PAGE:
Tag Archives: Advice

Submit Your Questions to the Emerald’s “Ask a Therapist” Column

by Emerald Staff

South Seattle Emerald Contributors Liz Covey and Roy Fisher are professional counselors ready to answer your questions in a monthly column, “Ask A Therapist.” The two are professionals providing their insight on your anonymous questions.

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Ask A Therapist: What to Do When Your Teen Doesn’t Want You at the Doctor, and Setting Boundaries with Negativity

Counselors Roy Fisher and Liz Covey answer two questions each month for South Seattle Emerald’s “Ask A Therapist.” Have a question about a relationship? Wondering about the struggles of being a parent? Others likely have the same questions and Covey and Fisher bring years of professional experience to provide their insights.

This month, readers asked the Emerald what to do when your teenager doesn’t want you at the doctor anymore, and how to set boundaries around negativity with family members.

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Ask A Therapist: On Finding a Therapist and Answering “How Are You?” When the Answer is “Not Good.”

Counselors Roy Fisher and Liz Covey answer two questions each month for South Seattle Emerald’s “Ask A Therapist.” Have a question about a relationship? Wondering about the struggles of being a parent? Others likely have the same questions and Covey and Fisher bring years of professional experience to provide their insights.

This month, readers asked the Emerald how to find a good therapist, and what to do when people ask “How are you?” and you’re not doing well and unsure how to answer.

Continue reading Ask A Therapist: On Finding a Therapist and Answering “How Are You?” When the Answer is “Not Good.”

Ask A Therapist: On Protecting Black Children from Trauma and Dealing with Narcissistic Family Members

Counselors Roy Fisher and Liz Covey answer two questions each month for South Seattle Emerald’s “Ask A Therapist.” Have a question about a relationship? Wondering about the struggles of being a parent? Others likely have the same questions and Covey and Fisher bring years of professional experience to provide their insights.

This month, readers asked the Emerald about helping a partner or friend get counseling or therapy they may need and about how to tell when we are over-parenting our children.

Continue reading Ask A Therapist: On Protecting Black Children from Trauma and Dealing with Narcissistic Family Members

Ask A Therapist: On Overparenting and Helping a Friend Get Counseling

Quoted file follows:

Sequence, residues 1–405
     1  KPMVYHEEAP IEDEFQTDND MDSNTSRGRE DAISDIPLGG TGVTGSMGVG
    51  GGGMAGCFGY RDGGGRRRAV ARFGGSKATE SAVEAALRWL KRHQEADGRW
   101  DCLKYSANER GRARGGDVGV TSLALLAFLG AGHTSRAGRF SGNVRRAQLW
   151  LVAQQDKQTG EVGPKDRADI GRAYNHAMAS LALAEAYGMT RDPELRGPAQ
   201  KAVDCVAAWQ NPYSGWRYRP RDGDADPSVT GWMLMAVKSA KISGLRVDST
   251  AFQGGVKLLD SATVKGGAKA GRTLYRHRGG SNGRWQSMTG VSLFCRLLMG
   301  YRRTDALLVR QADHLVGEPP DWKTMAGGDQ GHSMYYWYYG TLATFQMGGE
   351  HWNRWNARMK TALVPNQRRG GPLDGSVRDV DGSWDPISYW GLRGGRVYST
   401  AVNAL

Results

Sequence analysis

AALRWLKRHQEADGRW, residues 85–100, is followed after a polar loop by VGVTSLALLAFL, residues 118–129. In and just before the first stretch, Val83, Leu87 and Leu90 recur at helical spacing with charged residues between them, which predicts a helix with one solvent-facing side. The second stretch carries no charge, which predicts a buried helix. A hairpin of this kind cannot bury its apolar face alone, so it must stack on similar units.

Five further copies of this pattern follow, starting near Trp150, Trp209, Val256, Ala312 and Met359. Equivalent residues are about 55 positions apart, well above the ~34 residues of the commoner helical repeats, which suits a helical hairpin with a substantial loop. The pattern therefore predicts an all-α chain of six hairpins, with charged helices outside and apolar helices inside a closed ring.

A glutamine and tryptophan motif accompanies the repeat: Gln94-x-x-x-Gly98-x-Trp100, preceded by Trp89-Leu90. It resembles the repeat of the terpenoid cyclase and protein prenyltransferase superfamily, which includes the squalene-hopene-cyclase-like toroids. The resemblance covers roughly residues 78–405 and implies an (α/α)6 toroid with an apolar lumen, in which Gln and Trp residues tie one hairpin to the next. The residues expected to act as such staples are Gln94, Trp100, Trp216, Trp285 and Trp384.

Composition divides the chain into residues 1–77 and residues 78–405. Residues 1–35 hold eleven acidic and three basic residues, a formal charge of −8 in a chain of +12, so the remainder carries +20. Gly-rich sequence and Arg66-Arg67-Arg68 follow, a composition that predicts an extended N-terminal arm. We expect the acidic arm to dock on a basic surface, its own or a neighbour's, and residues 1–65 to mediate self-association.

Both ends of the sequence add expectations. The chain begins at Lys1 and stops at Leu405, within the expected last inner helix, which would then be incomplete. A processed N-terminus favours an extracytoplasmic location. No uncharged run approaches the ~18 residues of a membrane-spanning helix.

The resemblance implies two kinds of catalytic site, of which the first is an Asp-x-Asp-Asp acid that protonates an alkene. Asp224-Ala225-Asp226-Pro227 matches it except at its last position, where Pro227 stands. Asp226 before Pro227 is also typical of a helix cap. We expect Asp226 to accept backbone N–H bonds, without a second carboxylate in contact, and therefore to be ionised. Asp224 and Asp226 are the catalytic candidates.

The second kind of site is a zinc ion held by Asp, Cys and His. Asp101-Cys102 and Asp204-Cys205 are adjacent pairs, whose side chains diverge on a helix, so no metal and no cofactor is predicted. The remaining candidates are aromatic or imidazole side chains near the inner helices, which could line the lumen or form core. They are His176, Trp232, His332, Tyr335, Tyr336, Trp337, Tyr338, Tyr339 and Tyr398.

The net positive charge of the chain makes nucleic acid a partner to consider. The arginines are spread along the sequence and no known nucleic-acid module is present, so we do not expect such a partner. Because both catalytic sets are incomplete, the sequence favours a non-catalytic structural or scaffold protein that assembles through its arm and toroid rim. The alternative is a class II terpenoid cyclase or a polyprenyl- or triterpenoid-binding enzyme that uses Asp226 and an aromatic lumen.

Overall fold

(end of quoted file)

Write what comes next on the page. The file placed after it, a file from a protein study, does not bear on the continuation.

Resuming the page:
Counselors Roy Fisher and Liz Covey answer two questions each month for South Seattle Emerald’s “Ask A Therapist.” Have a question about a relationship? Wondering about the struggles of being a parent? Others likely have the same questions and Covey and Fisher bring years of professional experience to provide their insights.

This month, readers asked the Emerald about helping a partner or friend get counseling or therapy they may need and about how to tell when we are over-parenting our children.

Continue reading Ask A Therapist: On Overparenting and Helping a Friend Get Counseling

Submit Your Questions to the Emerald’s New “Ask a Therapist” Column

by Emerald Staff

The South Seattle Emerald is pleased to announce a monthly column, “Ask A Therapist,” which will answer questions you may have by professional counselors. Have a question about a relationship? Wondering about the struggles of being a parent? Others likely have the same questions, and counselors Liz Covey and Roy Fisher bring years of professional experience to provide their insights.

Continue reading Submit Your Questions to the Emerald’s New “Ask a Therapist” Column

BEYOND SMALL TALK — New Year’s Resolution: Conduct a Passiveness Audit

by Julie Pham

Imagine you are on a bus in the middle of winter. Someone has his window open and all the people around him are shivering. Yet, no one says anything even though all are thinking, “This guy should close this window!” Instead of acting, everyone continues to sit in the cold, resentful and silent.

Imagine a new coworker has joined the team. Someone asks, “What do you like to do in your free time?” She responds, “I like to read my Bible.” Awkwardness falls over the group, most of whom haven’t been to a religious institution in years, if ever. Instead of acknowledging her response, the topic is quickly changed.

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